While there is no standard model for the organizational structure of a MOF, it is generally agreed that there is a set of core tasks that any MOF should fulfill. This includes (1) budget formulation and implementation, (2) collection, custody, management, accounting, control and disbursement of public monies, (3) management of public assets and liabilities, (4) revenue and expenditure policy and management, and (5) design and implementation of macroeconomic and fiscal policies of  government. MOFs have also added many other tasks such as donor coordination, oversight of domestic financial markets (often by establishing regulatory bodies) [2], managing fiscal risks arising from various sources, financial oversight of public enterprises, and relations with international organizations such as the World Bank and the IMF.

The organizational structure of MOFs is also linked to the political-economy and to the governance structure of the country. Countries with presidential or parliamentary systems will likely have different organizational roles and structures of the MOF

The MOF as an institution also reflects the historical legacy of countries. Many formerly colonized countries inherited the institutional systems of their former rulers.

In many small, developing countries MOFs have been struggling with the increased requirements of their core role as well as of more complex processes and other innovations. MOFs in such economies also lack professional staff in many skill areas, such as treasury management and accounting.

It then looks at some suggestions for small developing economies. Excellent stuff. I need to do some literature survey on this. Anybody knows of such research do let me know.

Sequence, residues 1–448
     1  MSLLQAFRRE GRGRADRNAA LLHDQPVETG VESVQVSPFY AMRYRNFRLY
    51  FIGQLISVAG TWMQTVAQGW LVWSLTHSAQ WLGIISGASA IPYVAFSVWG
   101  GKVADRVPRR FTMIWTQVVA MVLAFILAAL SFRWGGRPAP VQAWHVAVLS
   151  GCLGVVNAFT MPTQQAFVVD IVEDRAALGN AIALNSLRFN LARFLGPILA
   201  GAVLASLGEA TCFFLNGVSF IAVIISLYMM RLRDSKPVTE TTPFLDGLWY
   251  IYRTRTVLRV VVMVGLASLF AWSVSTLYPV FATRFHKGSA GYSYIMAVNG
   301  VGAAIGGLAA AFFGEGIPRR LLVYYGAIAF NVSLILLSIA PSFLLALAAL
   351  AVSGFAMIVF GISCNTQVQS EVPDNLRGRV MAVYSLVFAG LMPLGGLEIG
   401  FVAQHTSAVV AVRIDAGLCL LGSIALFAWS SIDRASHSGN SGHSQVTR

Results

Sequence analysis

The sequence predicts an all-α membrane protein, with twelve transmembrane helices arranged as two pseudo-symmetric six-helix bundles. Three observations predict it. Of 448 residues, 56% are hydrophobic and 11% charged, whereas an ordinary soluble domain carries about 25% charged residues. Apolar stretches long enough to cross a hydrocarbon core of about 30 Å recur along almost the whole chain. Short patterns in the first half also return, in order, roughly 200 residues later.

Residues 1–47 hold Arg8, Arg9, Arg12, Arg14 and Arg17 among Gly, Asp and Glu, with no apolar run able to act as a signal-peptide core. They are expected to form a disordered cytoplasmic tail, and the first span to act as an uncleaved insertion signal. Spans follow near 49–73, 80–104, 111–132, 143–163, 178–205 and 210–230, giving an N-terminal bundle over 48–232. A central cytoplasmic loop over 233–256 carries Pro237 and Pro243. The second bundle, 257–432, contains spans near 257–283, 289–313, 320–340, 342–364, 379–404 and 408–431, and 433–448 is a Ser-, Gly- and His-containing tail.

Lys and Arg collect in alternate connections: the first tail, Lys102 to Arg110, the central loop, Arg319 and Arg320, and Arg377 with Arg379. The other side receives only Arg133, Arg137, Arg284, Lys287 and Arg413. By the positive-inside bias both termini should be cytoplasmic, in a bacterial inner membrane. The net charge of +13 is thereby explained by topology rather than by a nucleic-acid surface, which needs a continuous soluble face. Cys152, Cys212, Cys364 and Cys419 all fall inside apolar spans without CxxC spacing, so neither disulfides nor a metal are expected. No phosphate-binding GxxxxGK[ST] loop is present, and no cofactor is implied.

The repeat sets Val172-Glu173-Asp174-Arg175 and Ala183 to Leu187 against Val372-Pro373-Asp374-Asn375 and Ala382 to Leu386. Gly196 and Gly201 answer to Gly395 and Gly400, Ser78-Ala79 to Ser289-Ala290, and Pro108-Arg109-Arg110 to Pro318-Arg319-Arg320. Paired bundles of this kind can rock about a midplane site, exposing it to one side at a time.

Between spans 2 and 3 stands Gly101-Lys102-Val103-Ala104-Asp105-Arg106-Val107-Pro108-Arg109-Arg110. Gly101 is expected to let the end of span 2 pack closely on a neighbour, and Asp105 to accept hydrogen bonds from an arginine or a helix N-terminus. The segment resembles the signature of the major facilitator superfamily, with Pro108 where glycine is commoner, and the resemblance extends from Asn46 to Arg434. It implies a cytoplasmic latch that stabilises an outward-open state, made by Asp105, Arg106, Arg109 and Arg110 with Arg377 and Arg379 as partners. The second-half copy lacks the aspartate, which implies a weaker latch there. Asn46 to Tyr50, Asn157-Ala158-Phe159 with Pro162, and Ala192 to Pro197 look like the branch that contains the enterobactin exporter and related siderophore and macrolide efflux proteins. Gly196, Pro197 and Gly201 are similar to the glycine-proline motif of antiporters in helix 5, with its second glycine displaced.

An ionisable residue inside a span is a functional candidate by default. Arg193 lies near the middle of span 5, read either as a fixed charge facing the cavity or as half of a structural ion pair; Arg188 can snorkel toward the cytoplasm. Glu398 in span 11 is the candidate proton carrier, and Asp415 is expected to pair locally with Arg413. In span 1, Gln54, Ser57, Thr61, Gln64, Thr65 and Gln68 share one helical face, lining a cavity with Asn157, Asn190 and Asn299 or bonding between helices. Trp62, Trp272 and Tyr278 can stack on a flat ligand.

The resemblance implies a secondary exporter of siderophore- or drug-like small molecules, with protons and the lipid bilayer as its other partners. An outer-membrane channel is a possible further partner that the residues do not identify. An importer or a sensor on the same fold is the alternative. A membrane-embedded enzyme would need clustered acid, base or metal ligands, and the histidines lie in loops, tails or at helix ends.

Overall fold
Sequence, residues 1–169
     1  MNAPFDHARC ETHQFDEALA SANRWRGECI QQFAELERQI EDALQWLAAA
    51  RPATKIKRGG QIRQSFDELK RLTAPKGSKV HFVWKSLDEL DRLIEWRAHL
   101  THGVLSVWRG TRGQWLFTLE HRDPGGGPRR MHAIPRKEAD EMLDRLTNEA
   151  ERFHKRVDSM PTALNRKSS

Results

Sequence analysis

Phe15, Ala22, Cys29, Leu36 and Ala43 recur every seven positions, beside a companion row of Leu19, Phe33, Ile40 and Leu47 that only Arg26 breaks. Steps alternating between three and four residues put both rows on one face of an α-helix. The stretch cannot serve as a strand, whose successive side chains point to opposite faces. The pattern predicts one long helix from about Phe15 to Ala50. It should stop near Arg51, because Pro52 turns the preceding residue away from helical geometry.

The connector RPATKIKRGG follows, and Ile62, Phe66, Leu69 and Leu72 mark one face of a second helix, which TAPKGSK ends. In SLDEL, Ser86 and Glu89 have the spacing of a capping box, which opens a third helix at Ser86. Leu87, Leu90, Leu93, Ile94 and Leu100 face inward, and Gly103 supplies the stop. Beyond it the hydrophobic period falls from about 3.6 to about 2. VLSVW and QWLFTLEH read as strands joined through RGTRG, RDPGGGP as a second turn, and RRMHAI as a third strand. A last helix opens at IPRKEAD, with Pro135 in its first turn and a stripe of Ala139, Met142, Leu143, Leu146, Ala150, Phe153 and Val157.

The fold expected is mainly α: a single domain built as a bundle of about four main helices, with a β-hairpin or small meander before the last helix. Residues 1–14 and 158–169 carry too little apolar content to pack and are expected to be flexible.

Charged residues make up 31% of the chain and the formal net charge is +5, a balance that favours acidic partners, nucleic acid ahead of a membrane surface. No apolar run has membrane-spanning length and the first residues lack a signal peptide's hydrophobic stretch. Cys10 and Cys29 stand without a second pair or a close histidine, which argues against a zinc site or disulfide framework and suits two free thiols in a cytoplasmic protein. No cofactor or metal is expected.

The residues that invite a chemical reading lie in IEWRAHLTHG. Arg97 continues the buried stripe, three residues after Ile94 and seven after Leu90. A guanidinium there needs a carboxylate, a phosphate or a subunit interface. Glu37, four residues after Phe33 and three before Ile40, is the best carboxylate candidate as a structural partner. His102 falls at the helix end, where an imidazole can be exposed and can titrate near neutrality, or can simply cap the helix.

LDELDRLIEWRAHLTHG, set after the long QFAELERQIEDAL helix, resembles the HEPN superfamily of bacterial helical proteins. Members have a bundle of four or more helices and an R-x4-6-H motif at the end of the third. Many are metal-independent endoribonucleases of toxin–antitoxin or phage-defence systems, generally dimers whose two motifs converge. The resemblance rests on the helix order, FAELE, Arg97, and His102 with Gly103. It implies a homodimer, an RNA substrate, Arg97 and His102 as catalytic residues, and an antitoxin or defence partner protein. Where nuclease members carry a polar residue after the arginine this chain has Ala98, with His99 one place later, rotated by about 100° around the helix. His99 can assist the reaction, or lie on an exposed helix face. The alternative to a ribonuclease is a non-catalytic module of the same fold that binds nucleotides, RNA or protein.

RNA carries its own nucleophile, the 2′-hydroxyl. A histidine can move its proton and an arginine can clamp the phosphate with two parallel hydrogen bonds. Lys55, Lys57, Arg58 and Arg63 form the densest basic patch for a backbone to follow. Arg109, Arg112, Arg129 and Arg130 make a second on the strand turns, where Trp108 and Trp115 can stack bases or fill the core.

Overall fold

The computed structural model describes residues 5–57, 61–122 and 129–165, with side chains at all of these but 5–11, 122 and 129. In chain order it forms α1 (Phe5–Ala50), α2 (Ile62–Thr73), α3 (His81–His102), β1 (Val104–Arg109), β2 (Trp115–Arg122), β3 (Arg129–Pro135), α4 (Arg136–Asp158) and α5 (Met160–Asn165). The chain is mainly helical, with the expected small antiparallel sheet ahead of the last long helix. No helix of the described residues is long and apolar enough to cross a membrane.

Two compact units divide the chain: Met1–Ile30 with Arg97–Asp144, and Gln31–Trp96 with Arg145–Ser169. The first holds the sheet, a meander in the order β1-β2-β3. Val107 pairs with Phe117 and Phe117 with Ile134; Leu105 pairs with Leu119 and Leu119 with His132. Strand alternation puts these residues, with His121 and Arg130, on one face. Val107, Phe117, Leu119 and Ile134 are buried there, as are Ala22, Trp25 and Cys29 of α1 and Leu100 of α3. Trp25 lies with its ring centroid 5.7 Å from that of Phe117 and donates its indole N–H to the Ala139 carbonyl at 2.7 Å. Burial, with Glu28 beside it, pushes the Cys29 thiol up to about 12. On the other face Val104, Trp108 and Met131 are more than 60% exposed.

Obama’s Financial System Fix plan – Version?

June 18, 2009

As pointed earlier, Obama has released the white paper (89 pages long) on what is being said as the most ambitious reform proposal for financial sector.

The President’s plan will:

Require that all financial firms that pose a significant risk to the financial system at large are subjected to strong consolidated supervision and regulation

Increase market discipline and transparency to make our markets strong enough to withstand system-wide stress and the potential failure of one or more large financial institutions

Rebuild trust in our markets by creating the Consumer Financial Protection Agency to focus exclusively on protecting consumers in credit, savings, and payment markets.

Provide the government with the tools needed to manage financial crises so it is not forced to choose between bailouts and financial collapse

Raise international regulatory standards and improve international coordination